Hand-held nerve conduction device in carpal tunnel syndrome: A prospective study

Department of Neurology and Clinical Neurophysiology, St Thomas' Hospital, Guy's and St Thomas' Foundation NHS Trust, Lambeth Palace Road, London, United Kingdom.
Muscle & Nerve (Impact Factor: 2.28). 05/2012; 45(5):635-41. DOI: 10.1002/mus.23279
Source: PubMed


We assessed the clinical impact of replacing standard neurophysiologic testing with a hand-held device (Mediracer) for diagnosis of carpal tunnel syndrome (CTS).
One hundred patients (200 hands) with suspected CTS were studied by blinded assessors [Hand-therapist (HT)1 and Consultant Neurophysiologist] using the Mediracer, followed by standard neurophysiologic testing. To simulate testing by personnel without neurological training, Mediracer recordings were analyzed separately by an assessor who had not seen the patients (HT2).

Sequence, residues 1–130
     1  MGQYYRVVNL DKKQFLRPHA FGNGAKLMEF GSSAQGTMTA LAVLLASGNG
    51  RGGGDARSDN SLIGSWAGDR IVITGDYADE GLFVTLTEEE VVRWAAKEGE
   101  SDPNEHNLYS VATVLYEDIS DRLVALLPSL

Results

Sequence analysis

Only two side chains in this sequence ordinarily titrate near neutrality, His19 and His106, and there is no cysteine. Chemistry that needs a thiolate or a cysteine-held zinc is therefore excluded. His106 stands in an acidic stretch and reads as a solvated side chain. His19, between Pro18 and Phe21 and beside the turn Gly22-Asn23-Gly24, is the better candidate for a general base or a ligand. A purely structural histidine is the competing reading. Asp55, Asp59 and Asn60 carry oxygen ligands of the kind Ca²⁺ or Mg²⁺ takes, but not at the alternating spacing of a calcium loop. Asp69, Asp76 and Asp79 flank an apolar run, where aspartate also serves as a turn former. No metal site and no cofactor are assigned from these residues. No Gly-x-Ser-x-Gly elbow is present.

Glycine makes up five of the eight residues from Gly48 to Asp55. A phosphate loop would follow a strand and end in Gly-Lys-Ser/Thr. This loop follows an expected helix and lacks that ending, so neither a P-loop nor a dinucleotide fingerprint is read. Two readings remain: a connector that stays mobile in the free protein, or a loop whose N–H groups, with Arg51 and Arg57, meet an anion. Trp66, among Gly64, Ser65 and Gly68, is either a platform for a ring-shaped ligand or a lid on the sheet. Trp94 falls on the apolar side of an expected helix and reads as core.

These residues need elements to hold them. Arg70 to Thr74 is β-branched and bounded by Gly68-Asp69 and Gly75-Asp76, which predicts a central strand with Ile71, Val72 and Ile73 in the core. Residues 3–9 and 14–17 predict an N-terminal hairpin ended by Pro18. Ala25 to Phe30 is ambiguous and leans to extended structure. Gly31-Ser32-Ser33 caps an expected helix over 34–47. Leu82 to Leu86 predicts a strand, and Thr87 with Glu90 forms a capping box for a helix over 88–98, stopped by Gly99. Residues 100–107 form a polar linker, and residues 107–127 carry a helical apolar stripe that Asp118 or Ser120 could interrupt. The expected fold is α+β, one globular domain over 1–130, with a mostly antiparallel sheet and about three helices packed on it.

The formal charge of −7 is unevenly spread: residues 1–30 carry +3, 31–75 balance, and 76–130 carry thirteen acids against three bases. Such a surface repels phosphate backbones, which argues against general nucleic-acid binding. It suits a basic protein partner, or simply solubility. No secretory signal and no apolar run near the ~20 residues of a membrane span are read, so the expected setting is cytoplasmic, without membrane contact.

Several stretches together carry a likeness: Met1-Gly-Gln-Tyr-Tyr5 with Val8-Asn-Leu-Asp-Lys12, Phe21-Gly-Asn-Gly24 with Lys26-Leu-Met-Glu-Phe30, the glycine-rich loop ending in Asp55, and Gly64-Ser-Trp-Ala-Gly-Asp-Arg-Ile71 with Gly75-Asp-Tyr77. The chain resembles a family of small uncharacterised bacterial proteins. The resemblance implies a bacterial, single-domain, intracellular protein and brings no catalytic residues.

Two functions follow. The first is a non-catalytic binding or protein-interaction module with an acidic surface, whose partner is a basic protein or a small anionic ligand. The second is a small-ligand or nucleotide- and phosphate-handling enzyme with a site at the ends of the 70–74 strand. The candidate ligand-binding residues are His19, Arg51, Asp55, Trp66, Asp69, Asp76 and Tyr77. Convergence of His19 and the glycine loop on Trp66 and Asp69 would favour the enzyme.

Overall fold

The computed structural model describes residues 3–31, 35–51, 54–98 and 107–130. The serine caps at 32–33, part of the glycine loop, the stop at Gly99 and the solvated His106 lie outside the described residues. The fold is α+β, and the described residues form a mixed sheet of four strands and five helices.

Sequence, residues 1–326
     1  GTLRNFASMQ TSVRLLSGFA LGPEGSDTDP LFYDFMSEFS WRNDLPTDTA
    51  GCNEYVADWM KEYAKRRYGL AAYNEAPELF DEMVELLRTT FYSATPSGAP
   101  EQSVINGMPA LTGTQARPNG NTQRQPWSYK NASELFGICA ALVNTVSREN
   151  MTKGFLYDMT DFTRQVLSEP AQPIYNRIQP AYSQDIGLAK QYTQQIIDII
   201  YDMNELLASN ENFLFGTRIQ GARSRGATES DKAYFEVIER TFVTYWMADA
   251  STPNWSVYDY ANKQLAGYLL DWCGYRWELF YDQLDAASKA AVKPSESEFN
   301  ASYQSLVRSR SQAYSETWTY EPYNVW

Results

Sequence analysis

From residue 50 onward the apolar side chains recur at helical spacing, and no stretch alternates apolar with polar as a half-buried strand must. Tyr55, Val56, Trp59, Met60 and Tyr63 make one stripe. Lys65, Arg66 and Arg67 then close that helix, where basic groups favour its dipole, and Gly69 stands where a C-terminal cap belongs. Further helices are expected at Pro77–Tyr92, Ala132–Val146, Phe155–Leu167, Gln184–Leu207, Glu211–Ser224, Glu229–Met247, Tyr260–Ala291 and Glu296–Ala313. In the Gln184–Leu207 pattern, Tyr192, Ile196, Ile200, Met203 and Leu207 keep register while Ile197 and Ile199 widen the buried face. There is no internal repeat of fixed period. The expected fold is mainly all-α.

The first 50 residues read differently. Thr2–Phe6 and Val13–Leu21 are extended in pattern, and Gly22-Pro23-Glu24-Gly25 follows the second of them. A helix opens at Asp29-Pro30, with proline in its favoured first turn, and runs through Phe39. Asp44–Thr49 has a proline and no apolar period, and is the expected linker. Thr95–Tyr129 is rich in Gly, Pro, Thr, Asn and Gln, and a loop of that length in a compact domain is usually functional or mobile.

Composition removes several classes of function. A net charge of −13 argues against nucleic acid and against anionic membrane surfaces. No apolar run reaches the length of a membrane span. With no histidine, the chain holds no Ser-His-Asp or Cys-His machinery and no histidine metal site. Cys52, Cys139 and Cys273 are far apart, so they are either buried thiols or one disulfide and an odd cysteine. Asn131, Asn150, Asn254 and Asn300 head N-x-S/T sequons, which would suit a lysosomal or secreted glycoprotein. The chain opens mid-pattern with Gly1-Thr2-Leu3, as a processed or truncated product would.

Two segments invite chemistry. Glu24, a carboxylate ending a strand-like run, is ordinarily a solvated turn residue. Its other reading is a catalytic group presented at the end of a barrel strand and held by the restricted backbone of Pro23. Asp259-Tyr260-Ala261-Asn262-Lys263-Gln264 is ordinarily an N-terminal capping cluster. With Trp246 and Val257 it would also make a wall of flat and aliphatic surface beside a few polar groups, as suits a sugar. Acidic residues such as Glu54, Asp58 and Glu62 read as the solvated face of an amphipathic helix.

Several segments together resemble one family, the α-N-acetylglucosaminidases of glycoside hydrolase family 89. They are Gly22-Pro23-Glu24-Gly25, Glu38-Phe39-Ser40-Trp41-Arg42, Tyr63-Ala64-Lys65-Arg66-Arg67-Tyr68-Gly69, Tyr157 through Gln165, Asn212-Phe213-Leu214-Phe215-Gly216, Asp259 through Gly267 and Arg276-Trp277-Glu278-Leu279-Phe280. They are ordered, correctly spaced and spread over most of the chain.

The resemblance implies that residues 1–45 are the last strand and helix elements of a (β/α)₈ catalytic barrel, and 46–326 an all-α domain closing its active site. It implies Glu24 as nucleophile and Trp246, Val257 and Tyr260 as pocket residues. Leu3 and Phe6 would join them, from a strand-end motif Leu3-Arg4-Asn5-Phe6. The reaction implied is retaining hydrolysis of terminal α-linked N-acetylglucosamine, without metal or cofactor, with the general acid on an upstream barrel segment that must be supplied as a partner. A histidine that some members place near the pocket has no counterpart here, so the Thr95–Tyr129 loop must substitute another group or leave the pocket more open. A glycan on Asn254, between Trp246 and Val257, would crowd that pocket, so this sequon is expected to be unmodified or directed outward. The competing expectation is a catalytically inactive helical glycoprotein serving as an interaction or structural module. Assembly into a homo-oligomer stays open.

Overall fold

Correlation of the CTS grades was 0.94 for the results obtained by HT1, and 0.87 for HT2. The sensitivity and specificity of the Mediracer was 0.85 and 0.9, respectively, by HT1, and 0.84 and 0.89 for HT2. Nine patients had conditions other than CTS, and 35 patients were judged to require further investigation.
The Mediracer should only be used in patients with typical CTS symptoms and signs and no muscle wasting who have had careful neurological assessment.

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